Help with weights (GVM)
Gross Vehicle Mass (GVM) can be a difficult thing to calculate. You think you’ve got it right adding tools, equipment, and materials. But did you remember the kids, the family pet, and your full tank of gas? They’ve all got to be included if they’re travelling with you, so that everything is legal and valid for insurance. That in mind, each manufacturer’s GVM rating is available on your compliance plate. And we are happy to help decipher the calculation for you.
For safety’s sake (BTC)
Think about the ratings of your ute's suspension and axles. Ask your vehicle dealer about maximum weights and their effect on the vehicle's braking capabilities and the pressure placed on the clutch, gearbox, engine, and differential. It's also important to think about what kind of loads you will be towing - not just what’s in your tray. You will not be permitted by law to tow any loads that exceed your ute's brake tow capacity (BTC).
More to think about (GCM)
Finally, will you be towing heavy loads while the van itself is fully laden? If so, you need to be aware of the GCM (Gross Combined Mass) rating. This value relates to the maximum mass you can load into your vehicle while also towing safely. If you find that your needs exceed the maximum GVM, BTC or GCM of your chosen vehicle, you may need to upgrade. Factor this into your budget and look at upgrading the axles, suspensions and other components to bring the vehicle up to code for your requirements.
We’ll help work it out
On top of your GVM, BTC, and GCM weight limits, there’s Kerb Weights, Aggregate Trailer Mass, and Tow ball limits to consider. If you’d like help calculating the kinds of loads you will be carrying to compare this against the specs of your ute, we’re here to help. Pop into one of our fitment centres; a Flexiglass or TJM store; or feel free to call us for advice. We’ll make sure you really know you’re ready. You may need a GVM upgrade for your ute.
Best way to GVM Upgrade
To get the maximum value from a GVM Upgrade, it’s best to do the fit prior to registering your new vehicle. We can help you get an approved GVM upgrade so that you can increase your ute’s legal load capacity, without losing performance or handling. A typical GVM Upgrade includes heavy-duty coil or leaf springs front and rear; new shocks front and rear; and a revised compliance plate fixed to your vehicle, as well as a new tyre placard with revised axle capacities. The GVM upgrade will be nationally recognised, so there won’t be any problems when it's time to on-sell the vehicle.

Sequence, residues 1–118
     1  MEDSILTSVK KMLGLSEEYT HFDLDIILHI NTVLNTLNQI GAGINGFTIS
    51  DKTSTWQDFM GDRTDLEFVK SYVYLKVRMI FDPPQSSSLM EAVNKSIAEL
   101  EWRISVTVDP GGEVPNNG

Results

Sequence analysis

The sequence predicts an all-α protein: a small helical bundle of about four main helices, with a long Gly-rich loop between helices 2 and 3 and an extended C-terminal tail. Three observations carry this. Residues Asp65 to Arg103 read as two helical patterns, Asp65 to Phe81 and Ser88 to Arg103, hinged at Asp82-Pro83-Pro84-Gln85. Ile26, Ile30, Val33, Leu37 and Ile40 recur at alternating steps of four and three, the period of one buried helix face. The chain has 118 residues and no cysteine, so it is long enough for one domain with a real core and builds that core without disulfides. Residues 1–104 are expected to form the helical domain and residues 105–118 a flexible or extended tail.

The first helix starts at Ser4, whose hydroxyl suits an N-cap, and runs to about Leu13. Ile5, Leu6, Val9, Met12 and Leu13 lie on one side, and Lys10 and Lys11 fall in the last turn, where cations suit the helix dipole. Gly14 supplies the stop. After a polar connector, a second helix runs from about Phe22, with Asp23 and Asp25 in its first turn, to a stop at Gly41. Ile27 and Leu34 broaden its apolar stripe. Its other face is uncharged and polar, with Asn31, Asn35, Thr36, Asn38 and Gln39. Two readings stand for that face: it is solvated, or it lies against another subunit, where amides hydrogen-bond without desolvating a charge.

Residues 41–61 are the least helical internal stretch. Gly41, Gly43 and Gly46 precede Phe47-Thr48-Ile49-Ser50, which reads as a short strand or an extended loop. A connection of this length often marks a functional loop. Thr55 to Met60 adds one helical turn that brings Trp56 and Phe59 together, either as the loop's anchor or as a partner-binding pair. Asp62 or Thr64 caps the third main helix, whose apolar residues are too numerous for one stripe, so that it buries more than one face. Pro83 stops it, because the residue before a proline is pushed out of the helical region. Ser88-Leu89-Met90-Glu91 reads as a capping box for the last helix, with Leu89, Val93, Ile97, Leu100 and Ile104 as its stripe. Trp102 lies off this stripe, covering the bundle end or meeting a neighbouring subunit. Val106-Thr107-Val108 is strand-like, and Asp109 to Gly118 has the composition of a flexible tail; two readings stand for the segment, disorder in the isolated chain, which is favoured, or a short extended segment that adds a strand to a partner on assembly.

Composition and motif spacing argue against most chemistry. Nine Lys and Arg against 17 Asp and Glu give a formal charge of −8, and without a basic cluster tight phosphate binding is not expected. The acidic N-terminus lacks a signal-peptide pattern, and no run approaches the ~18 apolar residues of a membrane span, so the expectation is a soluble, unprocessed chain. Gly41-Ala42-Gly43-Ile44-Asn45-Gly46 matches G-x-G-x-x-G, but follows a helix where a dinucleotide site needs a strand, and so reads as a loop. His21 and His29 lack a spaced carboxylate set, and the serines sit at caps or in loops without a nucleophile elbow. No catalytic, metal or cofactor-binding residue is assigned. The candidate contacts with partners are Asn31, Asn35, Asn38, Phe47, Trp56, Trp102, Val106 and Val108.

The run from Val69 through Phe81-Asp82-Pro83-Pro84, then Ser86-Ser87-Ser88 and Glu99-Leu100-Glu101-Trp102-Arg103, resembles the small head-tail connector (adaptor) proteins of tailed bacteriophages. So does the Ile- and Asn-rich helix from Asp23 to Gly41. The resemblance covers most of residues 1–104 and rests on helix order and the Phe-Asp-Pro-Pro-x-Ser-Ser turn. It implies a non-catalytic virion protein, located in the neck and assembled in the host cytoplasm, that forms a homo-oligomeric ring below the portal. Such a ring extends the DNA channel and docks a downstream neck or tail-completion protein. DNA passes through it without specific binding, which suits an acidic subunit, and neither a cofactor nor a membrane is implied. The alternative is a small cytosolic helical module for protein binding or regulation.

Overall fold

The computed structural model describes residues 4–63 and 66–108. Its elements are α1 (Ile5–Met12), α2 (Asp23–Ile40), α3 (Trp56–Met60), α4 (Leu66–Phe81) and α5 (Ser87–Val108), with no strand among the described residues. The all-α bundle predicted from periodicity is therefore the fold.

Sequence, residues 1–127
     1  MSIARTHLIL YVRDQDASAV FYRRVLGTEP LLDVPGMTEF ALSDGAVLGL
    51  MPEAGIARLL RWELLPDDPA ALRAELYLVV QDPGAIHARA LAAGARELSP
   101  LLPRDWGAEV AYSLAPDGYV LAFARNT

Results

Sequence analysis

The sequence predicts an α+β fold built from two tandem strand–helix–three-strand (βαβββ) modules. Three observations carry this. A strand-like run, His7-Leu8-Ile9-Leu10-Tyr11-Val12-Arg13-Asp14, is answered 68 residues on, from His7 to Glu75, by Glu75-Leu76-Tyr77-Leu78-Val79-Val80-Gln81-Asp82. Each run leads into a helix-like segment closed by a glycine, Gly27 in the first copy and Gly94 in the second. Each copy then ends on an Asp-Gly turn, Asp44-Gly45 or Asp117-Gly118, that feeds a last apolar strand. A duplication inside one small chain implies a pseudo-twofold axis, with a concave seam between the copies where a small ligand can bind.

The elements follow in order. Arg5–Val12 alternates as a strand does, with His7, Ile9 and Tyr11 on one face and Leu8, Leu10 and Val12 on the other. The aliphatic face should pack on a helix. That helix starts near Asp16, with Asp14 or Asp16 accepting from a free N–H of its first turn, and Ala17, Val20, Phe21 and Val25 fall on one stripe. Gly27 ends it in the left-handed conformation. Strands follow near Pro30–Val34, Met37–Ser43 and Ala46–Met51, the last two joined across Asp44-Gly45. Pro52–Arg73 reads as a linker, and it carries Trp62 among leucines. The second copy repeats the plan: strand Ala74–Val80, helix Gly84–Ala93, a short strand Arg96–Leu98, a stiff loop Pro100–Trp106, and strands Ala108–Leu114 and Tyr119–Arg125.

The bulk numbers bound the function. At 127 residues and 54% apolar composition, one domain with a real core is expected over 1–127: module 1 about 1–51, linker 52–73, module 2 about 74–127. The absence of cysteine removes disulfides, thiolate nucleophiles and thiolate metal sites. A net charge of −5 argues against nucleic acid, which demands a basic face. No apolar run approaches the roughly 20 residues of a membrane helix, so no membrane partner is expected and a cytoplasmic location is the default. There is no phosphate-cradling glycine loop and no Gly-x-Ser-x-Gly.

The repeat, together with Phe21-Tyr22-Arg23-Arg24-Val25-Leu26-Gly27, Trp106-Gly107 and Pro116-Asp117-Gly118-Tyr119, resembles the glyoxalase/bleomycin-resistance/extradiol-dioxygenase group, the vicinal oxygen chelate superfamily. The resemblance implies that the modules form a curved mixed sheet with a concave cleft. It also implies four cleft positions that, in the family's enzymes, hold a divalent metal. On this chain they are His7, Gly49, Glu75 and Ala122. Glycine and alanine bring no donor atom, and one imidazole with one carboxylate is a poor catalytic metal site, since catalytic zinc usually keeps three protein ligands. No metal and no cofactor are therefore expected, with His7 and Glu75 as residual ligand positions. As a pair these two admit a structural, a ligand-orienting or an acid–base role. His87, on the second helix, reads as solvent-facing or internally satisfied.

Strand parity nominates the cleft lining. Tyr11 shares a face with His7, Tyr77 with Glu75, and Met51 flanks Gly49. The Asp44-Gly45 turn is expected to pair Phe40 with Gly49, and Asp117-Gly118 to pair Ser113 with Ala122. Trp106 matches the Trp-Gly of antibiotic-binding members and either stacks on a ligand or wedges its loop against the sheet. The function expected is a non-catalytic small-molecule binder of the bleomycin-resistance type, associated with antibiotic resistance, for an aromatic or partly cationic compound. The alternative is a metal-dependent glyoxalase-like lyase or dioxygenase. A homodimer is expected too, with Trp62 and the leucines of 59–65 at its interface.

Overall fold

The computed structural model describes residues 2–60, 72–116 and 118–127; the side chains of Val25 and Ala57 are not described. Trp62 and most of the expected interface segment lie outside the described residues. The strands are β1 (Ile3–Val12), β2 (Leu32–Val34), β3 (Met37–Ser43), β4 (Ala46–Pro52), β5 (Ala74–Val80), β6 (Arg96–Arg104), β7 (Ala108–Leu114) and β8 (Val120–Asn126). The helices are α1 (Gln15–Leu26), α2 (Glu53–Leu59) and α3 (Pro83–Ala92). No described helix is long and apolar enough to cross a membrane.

GVM: Gross Vehicle Mass is the maximum allowable vehicle weight, including all occupants, accessories, and luggage. Any additional weight added to a tow ball including a trailer is included in the GVM, so a poorly balanced trailer/caravan could also overload your ute.
GCM: Gross Combination Mass is the total combined weight of your accessorised, fully loaded vehicle and anything you’re towing. The extra weight on your tow ball is generally calculated at 10% of the weight of the trailer.
KERB WEIGHT: The weight of a rig when it’s ready to drive with full tank/s, an average driver of 68kgs and 7kgs of luggage
AXLE LOADING: In addition to GVM, vehicles also have a maximum allowable load on both the front and rear axles
ATM: Aggregate Trailer Mass is the maximum allowable weight of the trailer you’re towing, as designated by the manufacturer
TBM: Tow Ball Mass is the weight on the tow ball imposed by the trailer, usually around 10 percent of the ATM. For a trailer weighing 3,500kgs, you’ll have a TBM of around 350kgs.
Ute already registered, GVM Upgrade
To fit a GVM Upgrade to a ute that has already been registered, you’ll need to have the vehicle signed off by an engineer (at an additional expense) to get it Approved. Your ute with GVM upgrade can then be driven anywhere in Australia. However, this form of GVM upgrade is only compliant at a state level. So, when it comes time to sell, the upgrade is only recognised in the state where it was engineer approved. If you decide to sell your ute interstate, the new owner will need to have the kit made compliant with that state’s road authority.